My wife and I go to the Metro Toronto Zoo once a year and our favourite exhibit is the orangutans. Even though I know capturing any usable images will be a challenge I always take my camera gear.
Once we arrive at the orangutan exhibit, the glass on the enclosure is always dirtier than I remember it from the previous year. The glares always more plentiful. And, the opportunities to get a decent view always fewer than my memory told me they were.
This year I mounted my 1 Nikon CX 70-300 mm f/4.5-5.6 on one of my Nikon 1 J5’s, hoping that the extra resolution and improved sensor performance would help yield some decent images. What follows are a few orangutan portraits.
NOTE: Click on images to enlarge.
We arrived late morning and by the time we got to the orangutan display some food was out for them. I positioned myself as best I could to shoot through the thick, soiled glass on the upper viewing platform.
Since the orangutans were feeding the range of facial expressions that they exhibited was rather restrained.
It was also a very busy day at the Metro Toronto Zoo which meant heavy traffic at the orangutan display. This resulted in a steady stream of people coming and going from the viewing platform. And, every person that was anywhere close to me created harsh glare patterns on the glass.
In order to capture anything usable I had to not only time my captures of the orangutans’ behaviour, but also sync them with fleeting opportunities where my view was not obstructed by glares created by other people on the platform.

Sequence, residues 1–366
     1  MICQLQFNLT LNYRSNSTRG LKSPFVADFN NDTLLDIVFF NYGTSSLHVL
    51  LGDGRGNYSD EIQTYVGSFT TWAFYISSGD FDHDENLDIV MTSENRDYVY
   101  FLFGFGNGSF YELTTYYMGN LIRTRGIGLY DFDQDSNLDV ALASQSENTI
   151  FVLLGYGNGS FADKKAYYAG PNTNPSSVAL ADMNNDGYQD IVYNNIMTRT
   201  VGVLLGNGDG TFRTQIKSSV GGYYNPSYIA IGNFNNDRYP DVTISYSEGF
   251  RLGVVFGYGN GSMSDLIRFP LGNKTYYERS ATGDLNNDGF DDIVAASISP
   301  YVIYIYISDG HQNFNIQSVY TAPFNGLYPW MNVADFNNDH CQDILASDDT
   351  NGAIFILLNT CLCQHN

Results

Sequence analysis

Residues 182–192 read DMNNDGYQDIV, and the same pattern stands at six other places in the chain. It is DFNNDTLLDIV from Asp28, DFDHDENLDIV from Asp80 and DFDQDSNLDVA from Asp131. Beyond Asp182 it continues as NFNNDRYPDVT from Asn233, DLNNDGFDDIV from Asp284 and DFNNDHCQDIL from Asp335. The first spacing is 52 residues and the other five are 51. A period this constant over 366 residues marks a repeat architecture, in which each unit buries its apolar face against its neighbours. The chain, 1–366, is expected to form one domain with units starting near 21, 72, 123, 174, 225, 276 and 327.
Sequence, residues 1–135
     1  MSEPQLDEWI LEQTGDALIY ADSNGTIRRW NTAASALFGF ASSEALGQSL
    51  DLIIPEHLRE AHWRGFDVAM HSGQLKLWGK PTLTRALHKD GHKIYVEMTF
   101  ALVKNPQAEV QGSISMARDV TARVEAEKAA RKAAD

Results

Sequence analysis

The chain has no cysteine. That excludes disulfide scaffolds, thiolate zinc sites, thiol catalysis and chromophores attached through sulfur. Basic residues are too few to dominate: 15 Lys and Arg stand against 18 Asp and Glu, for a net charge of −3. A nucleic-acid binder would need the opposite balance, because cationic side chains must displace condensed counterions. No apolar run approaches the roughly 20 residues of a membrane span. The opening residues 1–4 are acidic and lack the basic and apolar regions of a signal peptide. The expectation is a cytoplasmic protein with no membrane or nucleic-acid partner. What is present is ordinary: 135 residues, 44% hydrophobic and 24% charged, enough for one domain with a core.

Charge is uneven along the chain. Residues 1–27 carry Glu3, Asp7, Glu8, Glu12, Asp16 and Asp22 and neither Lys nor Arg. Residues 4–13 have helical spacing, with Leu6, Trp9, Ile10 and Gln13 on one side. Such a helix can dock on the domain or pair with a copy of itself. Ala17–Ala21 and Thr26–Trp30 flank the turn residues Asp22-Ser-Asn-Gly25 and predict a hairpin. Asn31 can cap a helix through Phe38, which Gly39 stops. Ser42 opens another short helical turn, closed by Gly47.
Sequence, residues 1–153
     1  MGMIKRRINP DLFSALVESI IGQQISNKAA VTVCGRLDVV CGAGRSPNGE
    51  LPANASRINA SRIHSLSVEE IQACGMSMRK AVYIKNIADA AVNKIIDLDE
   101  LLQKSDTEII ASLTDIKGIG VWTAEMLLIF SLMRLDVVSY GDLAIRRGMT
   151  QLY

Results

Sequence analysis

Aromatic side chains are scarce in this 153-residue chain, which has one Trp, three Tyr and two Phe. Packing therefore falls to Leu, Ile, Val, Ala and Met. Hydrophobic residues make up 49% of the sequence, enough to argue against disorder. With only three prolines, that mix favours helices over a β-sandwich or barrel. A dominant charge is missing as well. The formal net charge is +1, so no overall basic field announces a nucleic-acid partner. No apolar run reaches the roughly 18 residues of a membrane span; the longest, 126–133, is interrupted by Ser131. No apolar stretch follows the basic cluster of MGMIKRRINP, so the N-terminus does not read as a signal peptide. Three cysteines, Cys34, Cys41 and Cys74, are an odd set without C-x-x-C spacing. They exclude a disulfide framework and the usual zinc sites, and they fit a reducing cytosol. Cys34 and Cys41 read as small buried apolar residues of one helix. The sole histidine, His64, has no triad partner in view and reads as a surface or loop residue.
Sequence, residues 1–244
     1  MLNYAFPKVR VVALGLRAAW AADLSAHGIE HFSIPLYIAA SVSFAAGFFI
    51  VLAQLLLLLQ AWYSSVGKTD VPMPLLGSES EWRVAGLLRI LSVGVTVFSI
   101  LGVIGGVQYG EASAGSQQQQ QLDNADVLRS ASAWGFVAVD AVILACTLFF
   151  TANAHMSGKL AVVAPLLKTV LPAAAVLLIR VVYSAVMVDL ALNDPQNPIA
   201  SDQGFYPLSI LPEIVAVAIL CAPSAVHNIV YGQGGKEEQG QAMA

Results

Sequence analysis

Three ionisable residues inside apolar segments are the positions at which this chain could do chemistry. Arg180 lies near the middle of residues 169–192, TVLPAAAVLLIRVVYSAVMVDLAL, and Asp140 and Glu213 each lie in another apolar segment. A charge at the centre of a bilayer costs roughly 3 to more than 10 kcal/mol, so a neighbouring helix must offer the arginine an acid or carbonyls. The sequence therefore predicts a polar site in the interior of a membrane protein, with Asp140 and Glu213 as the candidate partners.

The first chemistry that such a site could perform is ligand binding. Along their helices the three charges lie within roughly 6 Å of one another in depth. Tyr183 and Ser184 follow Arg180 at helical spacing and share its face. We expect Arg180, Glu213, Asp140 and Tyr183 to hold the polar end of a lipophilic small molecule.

Another complication was the minimum focusing distance of my 1 Nikon CX 70-300 lens. It is relatively short compared to other lenses yielding the same kind of equivalent field of view.. but given the close quarters involved if the orangutans moved too close to me I had to stop shooting and wait for them to move away.
Whenever possible I put my lens hood right up against the glass to help eliminate glare. At other times I had to use the manual focusing ring on my CX 70-300 mm to acquire approximate focus through the glass, then let the auto-focus of the J5 snap it in the rest of the way for me.
The image above certainly isn’t a ‘keeper’ but I couldn’t help but show you folks the expression in this particular image.
One of my best captures of the day was from the opposite side of the orangutan exhibit. This meant that I didn’t have to shoot through any glass, but I was a good distance away resulting an aggressive crop on the above image. The additional resolution of the Nikon 1 J5 came in very handy indeed on this image.
Overall I was quite pleased with how the Nikon 1 J5 performed with the 1 Nikon CX 70-300 lens at the zoo.
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